How birds orientate and navigate over long distances, remains one of the subjects of ornithology eliciting much interest. Birds use combinations of different sources of information to find direction and position. Some of these are the geomagnetic field, celestial bodies, mosaic and gradient maps, sound, smell, idiotetic information and others. Different species use different combinations of sources. This ability is partially inherent and partially learned.

  19. Orientation and navigation in birds

    Directory of Open Access Journals (Sweden)

    H. Bouwman

    1998-07-01

    Full Text Available How birds orientate and navigate over long distances, remains one of the subjects of ornithology eliciting much interest. Birds use combinations of different sources of information to find direction and position. Some of these are the geomagnetic field, celestial bodies, mosaic and gradient maps, sound, smell, idiotetic information and others. Different species use different combinations of sources. This ability is partially inherent and partially learned.

  20. Law And Economics In Germany

    OpenAIRE

    Kirstein, Roland

    1997-01-01

    Law and economics in Germany was dominated by regulation, competition, and ?German Ordnungspolitik? until the early 1970s. Since then, German scholars have published a broad body of work in German and in the English language, covering fields like contract law, environmental law, labor law, public law, bankruptcy law, constitutional economics and legal procedure. Also in the 1970s, teaching activities were started at German universities. In addition to this, several (bi)annual conferences on l...

  1. Undergraduate medical education in Germany

    Directory of Open Access Journals (Sweden)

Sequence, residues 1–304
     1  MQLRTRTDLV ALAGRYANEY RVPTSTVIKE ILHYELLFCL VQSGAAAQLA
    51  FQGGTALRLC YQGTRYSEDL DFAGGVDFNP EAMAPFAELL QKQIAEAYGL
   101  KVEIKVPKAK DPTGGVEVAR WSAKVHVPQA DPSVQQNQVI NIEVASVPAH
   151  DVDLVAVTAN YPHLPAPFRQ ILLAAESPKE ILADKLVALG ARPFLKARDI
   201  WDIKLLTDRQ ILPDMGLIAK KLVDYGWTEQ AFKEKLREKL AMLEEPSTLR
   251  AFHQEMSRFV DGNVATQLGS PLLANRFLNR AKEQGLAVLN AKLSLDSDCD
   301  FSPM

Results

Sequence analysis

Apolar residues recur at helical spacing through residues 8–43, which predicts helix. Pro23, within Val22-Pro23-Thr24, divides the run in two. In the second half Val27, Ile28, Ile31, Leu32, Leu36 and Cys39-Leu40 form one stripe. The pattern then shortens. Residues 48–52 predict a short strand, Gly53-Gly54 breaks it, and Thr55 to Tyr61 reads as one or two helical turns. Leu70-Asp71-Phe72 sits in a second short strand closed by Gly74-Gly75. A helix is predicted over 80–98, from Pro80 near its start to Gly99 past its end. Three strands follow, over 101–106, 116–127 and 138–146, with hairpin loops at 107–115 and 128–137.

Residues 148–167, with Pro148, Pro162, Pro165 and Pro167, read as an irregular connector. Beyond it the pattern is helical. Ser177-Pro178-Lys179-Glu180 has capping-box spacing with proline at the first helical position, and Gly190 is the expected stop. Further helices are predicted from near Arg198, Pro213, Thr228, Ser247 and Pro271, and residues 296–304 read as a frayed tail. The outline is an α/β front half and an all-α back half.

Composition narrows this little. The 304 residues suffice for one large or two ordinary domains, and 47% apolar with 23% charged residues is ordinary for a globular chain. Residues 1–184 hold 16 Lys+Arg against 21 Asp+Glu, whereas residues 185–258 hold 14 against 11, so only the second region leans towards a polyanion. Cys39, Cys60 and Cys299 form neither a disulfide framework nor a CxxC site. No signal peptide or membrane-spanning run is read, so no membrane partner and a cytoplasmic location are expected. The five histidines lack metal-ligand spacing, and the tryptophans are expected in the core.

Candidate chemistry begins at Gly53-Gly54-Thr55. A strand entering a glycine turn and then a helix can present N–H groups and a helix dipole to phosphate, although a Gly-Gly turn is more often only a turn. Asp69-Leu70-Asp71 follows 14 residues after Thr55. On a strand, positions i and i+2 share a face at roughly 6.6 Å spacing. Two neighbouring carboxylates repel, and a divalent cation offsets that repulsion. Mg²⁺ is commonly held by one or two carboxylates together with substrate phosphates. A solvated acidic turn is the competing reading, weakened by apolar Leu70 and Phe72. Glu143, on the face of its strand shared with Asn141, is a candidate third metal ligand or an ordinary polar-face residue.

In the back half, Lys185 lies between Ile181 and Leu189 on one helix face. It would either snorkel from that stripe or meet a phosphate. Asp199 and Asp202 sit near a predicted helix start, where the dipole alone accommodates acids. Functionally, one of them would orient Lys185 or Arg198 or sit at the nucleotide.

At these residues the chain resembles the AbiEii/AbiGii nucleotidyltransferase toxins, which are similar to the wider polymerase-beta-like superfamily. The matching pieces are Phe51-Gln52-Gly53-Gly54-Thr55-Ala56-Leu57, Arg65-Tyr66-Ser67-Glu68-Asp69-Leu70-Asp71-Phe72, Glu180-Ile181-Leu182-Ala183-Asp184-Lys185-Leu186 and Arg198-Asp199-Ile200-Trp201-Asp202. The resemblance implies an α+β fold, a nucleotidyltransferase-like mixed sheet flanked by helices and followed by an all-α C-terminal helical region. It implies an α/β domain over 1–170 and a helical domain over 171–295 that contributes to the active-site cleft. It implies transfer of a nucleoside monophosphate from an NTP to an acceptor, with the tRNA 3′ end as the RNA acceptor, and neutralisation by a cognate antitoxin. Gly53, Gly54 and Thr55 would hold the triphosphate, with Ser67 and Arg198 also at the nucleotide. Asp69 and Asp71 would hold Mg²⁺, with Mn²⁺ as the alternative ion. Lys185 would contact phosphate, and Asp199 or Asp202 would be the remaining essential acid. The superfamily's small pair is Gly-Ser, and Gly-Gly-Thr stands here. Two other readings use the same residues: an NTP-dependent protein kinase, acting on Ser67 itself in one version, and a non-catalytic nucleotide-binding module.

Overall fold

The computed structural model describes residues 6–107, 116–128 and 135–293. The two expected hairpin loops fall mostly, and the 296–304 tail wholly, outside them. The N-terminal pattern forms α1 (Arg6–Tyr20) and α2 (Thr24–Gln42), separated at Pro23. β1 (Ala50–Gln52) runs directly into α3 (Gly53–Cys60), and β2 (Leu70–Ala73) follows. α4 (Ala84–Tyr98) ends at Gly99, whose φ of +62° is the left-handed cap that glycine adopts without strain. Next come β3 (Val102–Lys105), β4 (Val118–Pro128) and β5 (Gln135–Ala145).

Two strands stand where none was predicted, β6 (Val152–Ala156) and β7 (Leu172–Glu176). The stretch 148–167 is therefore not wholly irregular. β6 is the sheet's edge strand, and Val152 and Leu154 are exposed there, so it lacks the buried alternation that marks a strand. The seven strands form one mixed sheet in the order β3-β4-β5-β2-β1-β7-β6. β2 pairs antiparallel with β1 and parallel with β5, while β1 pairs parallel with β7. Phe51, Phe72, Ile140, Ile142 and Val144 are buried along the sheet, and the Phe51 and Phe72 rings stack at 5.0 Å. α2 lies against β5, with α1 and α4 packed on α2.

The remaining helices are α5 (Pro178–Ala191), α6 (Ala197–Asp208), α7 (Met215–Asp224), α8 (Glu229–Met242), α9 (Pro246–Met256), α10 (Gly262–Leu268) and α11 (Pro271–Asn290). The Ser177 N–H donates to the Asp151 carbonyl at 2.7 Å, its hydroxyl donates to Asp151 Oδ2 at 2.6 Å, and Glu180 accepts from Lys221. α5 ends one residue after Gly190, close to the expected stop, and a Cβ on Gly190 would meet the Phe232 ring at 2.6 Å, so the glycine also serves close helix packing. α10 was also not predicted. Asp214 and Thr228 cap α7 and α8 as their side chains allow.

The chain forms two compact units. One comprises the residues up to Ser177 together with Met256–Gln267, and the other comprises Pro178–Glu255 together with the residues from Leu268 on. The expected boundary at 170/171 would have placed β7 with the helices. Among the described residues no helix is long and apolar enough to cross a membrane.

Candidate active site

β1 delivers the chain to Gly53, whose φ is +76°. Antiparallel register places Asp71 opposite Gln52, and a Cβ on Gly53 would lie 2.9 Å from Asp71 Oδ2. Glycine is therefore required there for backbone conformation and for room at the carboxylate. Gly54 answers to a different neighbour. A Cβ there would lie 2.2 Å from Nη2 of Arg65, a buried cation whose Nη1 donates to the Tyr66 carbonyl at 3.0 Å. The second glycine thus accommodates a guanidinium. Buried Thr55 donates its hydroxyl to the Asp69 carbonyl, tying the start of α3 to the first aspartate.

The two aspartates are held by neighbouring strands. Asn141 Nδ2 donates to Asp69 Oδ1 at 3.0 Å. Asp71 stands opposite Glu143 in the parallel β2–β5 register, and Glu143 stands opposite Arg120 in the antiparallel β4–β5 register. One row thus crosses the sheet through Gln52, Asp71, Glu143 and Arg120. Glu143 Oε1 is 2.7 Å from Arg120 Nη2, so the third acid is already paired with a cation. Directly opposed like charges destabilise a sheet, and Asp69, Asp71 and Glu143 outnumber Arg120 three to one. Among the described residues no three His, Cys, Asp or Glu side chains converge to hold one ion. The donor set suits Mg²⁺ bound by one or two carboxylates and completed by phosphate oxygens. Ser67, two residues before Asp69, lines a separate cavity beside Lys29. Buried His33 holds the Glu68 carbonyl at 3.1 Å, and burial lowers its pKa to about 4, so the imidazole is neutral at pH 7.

Chenot, Jean-François

    2009-04-01

    Full Text Available The purpose of this article is to give international readers an overview of the organisation, structure and curriculum, together with important advances and problems, of undergraduate medical education in Germany. Interest in medical education in Germany has been relatively low but has gained momentum with the new "Regulation of the Licensing of Doctors" which came into effect in 2003. Medical education had required substantial reform, particularly with respect to improving the links between theoretical and clinical teaching and the extension of interdisciplinary and topic-related instruction. It takes six years and three months to complete the curriculum and training is divided into three sections: basic science (2 years, clinical science (3 years and final clinical year. While the reorganisation of graduate medical education required by the new "Regulation of the Licensing of Doctors" has stimulated multiple excellent teaching projects, there is evidence that some of the stipulated changes have not been implemented. Indeed, whether the medical schools have complied with this regulation and its overall success remains to be assessed systematically. Mandatory external accreditation and periodic reaccreditation of medical faculties need to be established in Germany.

  2. Wind power report Germany 2014

    International Nuclear Information System (INIS)